The basic Short 330 was a passenger aircraft intended as a short range regional and commuter airliner, and had been designed to take advantage of U.S. regulations which allowed commuter airlines to use aircraft carrying up to 30 passengers, thereby replacing smaller commuter airliners such as the Beech 99 and the Twin Otter. The Short 330 entered service with Time Air (a Canadian Airline) in 1976. Despite its somewhat portly looks (one regional airline affectionately dubbed it the “Shed”); it soon proved to be an inexpensive and reliable 30-seat airliner.
The 330 was somewhat slower than most of its pressurized competition, but it built up a reputation as a comfortable, quiet and rugged airliner. The quiet running of the Pratt & Whitney PT6A-65R was largely due to an efficient reduction gearbox. The cabin was the result of a collaboration with Boeing engineers who modeled the interior space, fittings and decor after larger airliners. The use of a sturdy structure complete with the traditional Short braced-wing and boxy fuselage configuration also led to an ease of maintenance and serviceability.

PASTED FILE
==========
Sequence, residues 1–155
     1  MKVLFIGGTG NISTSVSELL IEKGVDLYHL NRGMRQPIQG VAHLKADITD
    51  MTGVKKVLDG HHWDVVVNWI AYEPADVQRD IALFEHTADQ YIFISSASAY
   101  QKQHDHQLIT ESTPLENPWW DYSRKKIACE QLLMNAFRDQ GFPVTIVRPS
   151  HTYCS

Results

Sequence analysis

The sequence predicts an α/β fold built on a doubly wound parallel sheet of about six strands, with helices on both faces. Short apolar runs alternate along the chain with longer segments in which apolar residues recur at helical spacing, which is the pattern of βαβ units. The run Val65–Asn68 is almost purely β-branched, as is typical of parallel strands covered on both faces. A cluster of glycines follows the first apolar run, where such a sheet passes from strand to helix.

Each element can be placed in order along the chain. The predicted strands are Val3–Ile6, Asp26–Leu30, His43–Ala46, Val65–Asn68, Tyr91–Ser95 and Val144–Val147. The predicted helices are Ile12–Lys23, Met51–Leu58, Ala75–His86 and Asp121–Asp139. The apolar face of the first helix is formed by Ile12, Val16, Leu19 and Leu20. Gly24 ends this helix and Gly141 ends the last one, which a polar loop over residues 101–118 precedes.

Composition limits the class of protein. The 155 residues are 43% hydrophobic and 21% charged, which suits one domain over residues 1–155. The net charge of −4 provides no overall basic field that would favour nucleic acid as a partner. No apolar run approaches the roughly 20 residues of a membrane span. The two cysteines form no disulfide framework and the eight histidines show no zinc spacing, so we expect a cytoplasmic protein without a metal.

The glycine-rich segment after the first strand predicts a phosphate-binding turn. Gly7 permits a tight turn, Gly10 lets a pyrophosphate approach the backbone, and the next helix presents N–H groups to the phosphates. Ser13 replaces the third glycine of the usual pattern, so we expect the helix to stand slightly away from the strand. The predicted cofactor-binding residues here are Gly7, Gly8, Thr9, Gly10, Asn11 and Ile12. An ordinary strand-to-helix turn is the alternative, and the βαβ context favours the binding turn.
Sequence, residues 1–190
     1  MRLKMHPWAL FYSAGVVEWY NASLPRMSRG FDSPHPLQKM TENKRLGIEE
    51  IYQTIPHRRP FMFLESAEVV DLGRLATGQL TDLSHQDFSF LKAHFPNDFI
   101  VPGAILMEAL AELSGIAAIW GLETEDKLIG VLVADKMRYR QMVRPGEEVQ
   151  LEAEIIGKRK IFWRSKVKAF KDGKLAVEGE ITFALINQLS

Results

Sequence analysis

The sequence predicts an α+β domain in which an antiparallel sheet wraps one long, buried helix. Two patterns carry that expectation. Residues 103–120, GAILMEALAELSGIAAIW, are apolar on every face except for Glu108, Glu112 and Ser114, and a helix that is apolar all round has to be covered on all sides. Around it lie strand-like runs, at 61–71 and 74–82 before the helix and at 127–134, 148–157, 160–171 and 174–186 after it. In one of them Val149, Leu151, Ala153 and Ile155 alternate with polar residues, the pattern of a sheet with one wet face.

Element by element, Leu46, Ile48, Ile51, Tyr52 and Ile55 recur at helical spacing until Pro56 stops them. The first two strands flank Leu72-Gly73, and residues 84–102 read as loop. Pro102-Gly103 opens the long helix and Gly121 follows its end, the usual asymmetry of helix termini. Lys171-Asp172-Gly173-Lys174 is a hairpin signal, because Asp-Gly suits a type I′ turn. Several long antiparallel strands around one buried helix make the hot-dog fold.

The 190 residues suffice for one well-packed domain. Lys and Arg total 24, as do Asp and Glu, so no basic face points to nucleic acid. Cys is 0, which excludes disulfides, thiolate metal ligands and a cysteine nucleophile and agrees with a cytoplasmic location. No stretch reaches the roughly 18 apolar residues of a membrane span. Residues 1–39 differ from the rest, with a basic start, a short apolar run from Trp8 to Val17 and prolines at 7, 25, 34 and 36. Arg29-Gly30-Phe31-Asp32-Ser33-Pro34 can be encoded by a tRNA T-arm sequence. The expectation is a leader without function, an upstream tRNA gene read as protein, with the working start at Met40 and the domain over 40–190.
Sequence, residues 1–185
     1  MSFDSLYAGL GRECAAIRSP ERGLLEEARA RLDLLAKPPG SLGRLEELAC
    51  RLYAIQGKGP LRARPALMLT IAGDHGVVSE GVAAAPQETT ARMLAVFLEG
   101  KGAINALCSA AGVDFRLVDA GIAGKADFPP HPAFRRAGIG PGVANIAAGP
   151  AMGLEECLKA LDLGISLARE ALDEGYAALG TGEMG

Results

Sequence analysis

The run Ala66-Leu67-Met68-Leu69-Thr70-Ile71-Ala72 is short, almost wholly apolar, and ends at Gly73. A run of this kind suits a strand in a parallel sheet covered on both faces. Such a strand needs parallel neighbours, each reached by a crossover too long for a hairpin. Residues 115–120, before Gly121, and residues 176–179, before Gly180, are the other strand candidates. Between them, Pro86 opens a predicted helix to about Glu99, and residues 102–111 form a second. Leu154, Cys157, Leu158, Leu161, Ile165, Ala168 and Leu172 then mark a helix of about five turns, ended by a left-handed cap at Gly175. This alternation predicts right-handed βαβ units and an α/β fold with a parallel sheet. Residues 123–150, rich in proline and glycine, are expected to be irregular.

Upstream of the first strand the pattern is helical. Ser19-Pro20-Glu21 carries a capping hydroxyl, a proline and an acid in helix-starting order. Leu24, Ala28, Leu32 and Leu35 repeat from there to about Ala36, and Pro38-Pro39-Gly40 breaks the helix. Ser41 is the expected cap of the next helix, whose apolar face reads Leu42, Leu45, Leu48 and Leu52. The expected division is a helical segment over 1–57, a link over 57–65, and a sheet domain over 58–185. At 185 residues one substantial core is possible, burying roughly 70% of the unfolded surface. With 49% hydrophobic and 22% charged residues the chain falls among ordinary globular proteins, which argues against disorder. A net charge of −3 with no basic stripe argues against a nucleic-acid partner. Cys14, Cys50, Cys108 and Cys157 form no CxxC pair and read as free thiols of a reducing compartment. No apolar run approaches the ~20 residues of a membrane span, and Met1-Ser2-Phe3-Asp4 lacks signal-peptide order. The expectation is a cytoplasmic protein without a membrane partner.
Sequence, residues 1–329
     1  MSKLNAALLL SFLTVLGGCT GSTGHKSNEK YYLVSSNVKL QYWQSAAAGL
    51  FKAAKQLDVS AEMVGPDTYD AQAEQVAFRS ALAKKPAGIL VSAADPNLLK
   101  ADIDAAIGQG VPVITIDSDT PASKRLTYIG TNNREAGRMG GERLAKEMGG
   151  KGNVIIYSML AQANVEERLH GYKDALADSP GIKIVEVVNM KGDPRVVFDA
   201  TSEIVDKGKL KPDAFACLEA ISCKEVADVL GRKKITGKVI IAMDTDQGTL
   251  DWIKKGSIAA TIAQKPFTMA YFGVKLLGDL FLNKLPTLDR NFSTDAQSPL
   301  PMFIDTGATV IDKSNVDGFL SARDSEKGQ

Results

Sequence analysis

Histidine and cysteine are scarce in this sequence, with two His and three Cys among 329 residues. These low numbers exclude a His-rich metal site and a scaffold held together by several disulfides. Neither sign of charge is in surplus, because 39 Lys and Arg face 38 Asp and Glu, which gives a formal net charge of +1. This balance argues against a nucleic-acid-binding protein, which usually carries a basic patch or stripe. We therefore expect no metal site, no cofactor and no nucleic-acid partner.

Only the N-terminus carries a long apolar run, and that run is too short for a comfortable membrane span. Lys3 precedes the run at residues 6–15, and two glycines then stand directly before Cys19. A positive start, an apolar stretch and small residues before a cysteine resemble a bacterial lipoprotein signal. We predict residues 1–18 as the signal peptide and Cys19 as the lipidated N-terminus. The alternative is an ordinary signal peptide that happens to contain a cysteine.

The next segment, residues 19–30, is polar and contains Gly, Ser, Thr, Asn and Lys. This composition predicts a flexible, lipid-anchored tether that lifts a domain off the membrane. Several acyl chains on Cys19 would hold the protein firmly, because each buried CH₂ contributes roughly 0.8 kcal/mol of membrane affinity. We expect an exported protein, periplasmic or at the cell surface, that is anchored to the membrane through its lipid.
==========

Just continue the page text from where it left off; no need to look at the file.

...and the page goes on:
Production ended in 1992 with a total of approximately 136 being built (including freighter and military versions). As of 1998, approximately 35 were still in service. The 330′s design was refined and heavily modified, resulting in the Short 360.